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Investors reveal ideas to renovate old Crown Motel as new housing

by Eplunus Colvin | June 20, 2021 at 3:35 a.m.
An investment group has shown interest in the old Crown Motel at Fifth Avenue and Walnut Street, submitting a proposal to convert the 72-unit structure into 35-40 apartment units. (Pine Bluff Commercial/Byron Tate)

A group of investors is interested in working within the city's vision to revitalize Pine Bluff, with a proposal to transform the Crown Motel at 321 W. Fifth Ave. into housing.

According to Urban Renewal Agency Director Maurice Taggart, during last week's Urban Renewal Board meeting, Veteran Pride Investment Group (VPIG) -- consisting of full-time real estate investor and founder of VPIG Colby Bowers and his partner Jesse Richardson, both of Colorado -- submitted a site renovation plan outlining the Crown Motel's interior and exterior along with the basis of the business execution strategy.

"They presented this preliminary proposal to us," said Taggart, who added that the group was not asking for anything from the city. "They've done this in California and Arizona where they transform these dilapidated hotels into trendy apartments."

Veteran Pride Investment Group plans are to convert the 72-unit motel into an approximately 35- to 40-unit apartment complex consisting of studio, one-bedroom and two-bedroom pet-friendly apartments.

The rental rate average will be $550, they said.

There will be an interior residents area, outdoor gathering space, social areas, barbecue stations and a fenced-in dog park.

The plan also includes an average of between one-and-a-half and two parking spaces per unit for residents and guests.

The exterior landscape would be updated and fall in line with the city's renewal project, meaning the area will complement the city and demonstrate the beauty that the area has to offer.

A proposed site plan concept suggested that vehicle access to the property be reduced to a maximum of two access points to decrease traffic congestion and increase tenant/pedestrian safety.

The access points would be on South Walnut Street and West Fifth Avenue.

The investment group said it will work with an architectural team to ensure that the building's form and materials reflect the character of a contemporary building in addition to meeting the design intent of the Pine Bluff design guidelines.

As a for-rent community, the property owner would manage all common areas and would provide garbage, recycling and dog-waste bins.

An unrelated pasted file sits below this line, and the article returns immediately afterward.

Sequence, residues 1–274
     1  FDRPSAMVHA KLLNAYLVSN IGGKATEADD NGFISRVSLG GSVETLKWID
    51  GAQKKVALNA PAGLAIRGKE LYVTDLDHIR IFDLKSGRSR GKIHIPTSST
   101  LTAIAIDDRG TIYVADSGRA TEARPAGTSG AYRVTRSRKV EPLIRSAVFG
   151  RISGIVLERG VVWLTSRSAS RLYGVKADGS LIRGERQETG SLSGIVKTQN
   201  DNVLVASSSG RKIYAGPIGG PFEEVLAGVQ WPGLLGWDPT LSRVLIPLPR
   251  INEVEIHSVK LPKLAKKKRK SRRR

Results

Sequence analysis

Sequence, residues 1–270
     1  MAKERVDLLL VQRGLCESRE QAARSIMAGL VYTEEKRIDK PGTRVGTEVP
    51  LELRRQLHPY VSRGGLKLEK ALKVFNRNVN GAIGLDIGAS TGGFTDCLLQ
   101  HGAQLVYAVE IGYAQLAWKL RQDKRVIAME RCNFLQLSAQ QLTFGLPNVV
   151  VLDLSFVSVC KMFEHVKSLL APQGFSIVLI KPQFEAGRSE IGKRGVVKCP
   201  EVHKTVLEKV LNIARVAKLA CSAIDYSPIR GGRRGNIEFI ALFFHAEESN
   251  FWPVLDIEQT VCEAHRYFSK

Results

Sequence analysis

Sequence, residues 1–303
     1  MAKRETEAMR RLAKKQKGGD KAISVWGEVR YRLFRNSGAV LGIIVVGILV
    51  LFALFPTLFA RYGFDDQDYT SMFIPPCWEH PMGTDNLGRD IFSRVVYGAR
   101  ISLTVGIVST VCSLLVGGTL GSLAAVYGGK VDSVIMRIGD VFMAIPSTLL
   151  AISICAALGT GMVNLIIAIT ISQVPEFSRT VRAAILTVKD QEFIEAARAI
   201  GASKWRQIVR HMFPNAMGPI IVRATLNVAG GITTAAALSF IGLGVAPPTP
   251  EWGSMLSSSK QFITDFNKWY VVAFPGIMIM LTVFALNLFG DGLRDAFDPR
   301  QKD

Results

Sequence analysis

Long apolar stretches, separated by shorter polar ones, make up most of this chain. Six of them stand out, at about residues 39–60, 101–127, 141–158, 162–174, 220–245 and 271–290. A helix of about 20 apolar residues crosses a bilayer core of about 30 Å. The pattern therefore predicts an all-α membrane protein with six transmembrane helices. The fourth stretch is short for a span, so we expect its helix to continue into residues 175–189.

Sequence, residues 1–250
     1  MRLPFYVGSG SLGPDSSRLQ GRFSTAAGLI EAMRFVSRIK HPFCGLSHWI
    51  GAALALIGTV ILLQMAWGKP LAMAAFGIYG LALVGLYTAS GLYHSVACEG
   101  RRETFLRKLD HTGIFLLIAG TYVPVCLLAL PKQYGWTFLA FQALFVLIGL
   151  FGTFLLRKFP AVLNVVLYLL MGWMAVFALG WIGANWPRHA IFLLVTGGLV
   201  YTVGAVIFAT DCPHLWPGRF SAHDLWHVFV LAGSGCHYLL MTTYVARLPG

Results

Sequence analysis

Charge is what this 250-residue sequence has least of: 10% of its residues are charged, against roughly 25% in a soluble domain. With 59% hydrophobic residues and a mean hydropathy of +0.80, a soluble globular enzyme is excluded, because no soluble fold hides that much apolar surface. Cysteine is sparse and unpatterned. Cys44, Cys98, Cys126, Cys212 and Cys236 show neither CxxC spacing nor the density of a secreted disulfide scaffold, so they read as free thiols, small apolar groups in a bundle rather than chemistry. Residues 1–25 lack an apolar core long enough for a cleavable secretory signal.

VPIG's goal is to set aside up to 10% of the apartment units for Housing and Urban Development participants and Section 8 tenants, who receive assistance from the government for their housing expenses.

According to the comprehensive plan, the projects can be broken down into three phases: acquisition/transfer of property to VPIG; execution of the construction and renovation; and leasing the apartments to a minimum of 80% capacity.

After the design and final approval from the city, the estimated start date could be as early as January 2022 with completion of renovation and leasing by January 2024.

To complete the project, VPIG has budgeted up to $1.5 million for renovations with plans to source labor, materials, talent and lending through the Pine Bluff community for the project.

"This will provide a variety of work opportunities for the people of Pine Bluff and start providing cash flow into the community before the apartments are complete," said VPIG officials in their comprehensive plan.

Taggart said he did receive confirmation from two local banks that the investment group had reached out with a very detailed and in-depth conversation.

"VPIG is confident in its ability to renovate and convert the Crown Motel into a successful and value-added apartment complex," said VPIG officials. "The final apartment community will provide a safe and contemporary location for individuals to live in the Pine Bluff Downtown area, as well as establish housing that is in line with the city's downtown renewal vision."

Though the deal has not been finalized, Urban Renewal board members are enthusiastic about about the possibilities.

"It excites me there's a chance we can take that old hotel that we were thinking the best thing to do was tear it down which was going to cost us a lot of money," said Urban Renewal Agency President Jimmy Dill. "Now there's an opportunity to make it into a functioning property. I think we ought to pursue it and see what they've got to say."

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